50.14.1 Counsel for ITC has further argues that section 73 of the Contract Act 1872 imposes on the Claimant a duty of taking all reasonable steps to mitigate the loss consequent on the breach of contract and debars the Claimant from claiming any part of the damage which is due to his neglect to take such steps.

50.14.2 Counsel also submits that it is well settled that the loss to be ascertained is the loss as on the date of the breach Sons & Co. (1915) AC 175) in terms of Article 5 of the Co-operation Agreement dated 11.09.1990 the personal guarantees given by the Claimant and his son, Shri Pradeep Anand to the Banks and Financial Institutions were required to be discharged by 31.03.1991.

50.15.1 I have already held and adjudged based on the documents produced before me in this Reference ITC had committed a breach of Article 5 of the Co-operation Agreement dated 11.09.1990 in that ITC had failed to arrange for the release of all Personal guarantees given by Shri C.L.Anand and his son, Shri Pradeep Anand to the Banks and Financial Institutions on behalf of TOSHIBA ANAND BATTERIES LTD. (TABL) as agreed.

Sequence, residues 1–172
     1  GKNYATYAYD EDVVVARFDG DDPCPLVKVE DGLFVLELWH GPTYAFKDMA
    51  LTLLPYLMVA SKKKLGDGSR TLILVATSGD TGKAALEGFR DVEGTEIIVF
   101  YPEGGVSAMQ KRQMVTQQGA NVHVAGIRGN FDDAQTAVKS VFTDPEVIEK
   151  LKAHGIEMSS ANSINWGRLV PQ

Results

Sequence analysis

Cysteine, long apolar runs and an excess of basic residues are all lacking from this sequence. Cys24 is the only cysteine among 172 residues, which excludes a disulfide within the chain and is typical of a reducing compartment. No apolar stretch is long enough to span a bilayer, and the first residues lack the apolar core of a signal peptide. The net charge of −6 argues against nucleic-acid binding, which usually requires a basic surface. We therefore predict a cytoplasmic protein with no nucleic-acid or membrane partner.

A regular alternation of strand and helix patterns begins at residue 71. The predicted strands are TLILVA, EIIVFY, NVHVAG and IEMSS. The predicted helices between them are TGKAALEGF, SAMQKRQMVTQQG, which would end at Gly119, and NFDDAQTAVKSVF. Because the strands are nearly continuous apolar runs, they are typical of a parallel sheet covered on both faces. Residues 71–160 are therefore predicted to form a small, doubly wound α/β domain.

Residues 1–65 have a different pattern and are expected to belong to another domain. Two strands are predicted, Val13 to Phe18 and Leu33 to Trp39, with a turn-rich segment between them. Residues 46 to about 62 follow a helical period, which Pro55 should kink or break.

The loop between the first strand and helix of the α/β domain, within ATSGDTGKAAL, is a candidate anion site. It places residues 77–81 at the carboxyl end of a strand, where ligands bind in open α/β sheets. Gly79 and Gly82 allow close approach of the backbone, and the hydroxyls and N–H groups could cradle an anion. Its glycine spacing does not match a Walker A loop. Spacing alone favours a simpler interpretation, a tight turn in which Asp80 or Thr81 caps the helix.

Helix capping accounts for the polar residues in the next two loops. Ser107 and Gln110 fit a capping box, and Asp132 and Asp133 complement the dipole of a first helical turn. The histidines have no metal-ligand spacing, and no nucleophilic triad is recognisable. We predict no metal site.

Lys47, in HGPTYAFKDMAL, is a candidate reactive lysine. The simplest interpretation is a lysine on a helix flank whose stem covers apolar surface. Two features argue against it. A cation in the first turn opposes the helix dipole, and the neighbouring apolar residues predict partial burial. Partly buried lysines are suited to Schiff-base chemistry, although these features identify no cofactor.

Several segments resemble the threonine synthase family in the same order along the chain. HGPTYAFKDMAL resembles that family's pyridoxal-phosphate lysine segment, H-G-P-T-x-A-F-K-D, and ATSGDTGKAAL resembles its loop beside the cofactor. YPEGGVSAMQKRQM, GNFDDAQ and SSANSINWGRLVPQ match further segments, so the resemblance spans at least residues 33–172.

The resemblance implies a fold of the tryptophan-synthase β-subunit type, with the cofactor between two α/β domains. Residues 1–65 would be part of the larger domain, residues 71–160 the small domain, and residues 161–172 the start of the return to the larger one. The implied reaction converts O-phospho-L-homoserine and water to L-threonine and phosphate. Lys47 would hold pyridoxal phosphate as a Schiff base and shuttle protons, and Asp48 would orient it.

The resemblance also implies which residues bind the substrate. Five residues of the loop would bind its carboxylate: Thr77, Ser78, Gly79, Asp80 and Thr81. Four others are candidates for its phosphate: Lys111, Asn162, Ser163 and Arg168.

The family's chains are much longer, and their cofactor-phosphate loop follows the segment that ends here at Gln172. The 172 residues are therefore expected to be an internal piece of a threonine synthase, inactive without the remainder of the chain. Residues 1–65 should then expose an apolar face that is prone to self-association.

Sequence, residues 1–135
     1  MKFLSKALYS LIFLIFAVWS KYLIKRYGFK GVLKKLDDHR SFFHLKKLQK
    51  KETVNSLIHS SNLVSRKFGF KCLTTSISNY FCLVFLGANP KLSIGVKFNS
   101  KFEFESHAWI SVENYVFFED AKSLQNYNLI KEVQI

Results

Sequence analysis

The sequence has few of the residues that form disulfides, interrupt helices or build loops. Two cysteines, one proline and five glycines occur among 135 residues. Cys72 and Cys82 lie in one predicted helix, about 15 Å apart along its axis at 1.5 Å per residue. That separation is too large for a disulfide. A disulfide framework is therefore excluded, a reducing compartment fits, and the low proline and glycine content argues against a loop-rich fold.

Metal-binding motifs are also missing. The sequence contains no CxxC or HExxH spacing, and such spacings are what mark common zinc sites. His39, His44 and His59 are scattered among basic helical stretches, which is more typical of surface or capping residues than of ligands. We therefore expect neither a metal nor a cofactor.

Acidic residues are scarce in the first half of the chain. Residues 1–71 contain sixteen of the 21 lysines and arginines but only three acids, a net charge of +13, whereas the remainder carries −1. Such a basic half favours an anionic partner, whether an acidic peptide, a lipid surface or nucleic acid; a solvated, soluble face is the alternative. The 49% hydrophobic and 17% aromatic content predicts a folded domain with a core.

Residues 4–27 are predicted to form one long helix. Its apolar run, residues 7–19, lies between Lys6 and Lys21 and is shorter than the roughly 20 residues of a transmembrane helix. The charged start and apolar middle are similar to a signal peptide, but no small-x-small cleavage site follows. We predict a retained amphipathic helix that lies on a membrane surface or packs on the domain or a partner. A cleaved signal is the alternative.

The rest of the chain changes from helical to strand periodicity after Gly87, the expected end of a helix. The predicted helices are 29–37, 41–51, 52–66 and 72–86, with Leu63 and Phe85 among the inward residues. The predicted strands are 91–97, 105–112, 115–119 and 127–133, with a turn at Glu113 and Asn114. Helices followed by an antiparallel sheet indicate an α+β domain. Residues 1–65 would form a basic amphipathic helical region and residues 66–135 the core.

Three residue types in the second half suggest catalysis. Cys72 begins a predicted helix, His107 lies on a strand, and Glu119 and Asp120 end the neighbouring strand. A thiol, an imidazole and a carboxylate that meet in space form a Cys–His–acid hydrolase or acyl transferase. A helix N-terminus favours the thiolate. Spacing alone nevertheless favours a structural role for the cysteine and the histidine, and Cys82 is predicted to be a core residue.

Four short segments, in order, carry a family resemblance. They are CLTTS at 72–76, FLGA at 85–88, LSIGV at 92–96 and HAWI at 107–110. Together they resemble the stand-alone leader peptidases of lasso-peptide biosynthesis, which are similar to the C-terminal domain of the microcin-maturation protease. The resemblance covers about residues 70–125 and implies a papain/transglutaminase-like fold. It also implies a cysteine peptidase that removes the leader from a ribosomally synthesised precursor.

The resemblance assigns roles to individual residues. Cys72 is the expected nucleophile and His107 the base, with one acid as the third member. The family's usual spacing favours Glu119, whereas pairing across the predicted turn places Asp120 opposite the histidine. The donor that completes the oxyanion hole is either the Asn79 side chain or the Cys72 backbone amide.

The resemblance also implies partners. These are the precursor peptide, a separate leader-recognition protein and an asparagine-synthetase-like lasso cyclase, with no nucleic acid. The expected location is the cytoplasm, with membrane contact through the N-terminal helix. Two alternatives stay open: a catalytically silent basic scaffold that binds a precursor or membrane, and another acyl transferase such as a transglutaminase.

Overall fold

50.15.2 And I have also held and adjudged that ITC had refused to assist and co- operate with the release of the said personal guarantees when the Consortium Banks proposed that ITC gave corporate guarantee instead in order to secure the discharge of the said personal guarantees given by Shri C.L.Anand and his son, Shri Pradeep Anand to the said Banks.

50.16.1 In my opinion, the appropriate relief to be awarded to the Claimant for breach of Article 5 of the Co-operation Agreement dated 11.09.1990 is for compensation for breach of contract, with damages to be assessed under section 21(2) of the Indian Specific Relief Act, 1963.

50.16.2 I hereby reserve powers to make a Final Award on the quantum of monetary compensation (if any) to be awarded to the Claimant after having invited and received further submissions from the parties and/or their Counsel in this regard at a later date.

50.17.1 Since ITC, TOSHIBA and TABL had agreed under Article 5 of the said Co- operation Agreement to assist and Co- operate to release all personal guarantees given by Shri C.L.Anand and his son, Shri Pradeep Anand to the Banks on behalf of TOSHIBA ANAND BATTERIES LTD. (TABL) in my opinion, it is fair and equitable that all three parties should be held jointly and severally, liable to the Claimant. I have therefore so held and adjudged.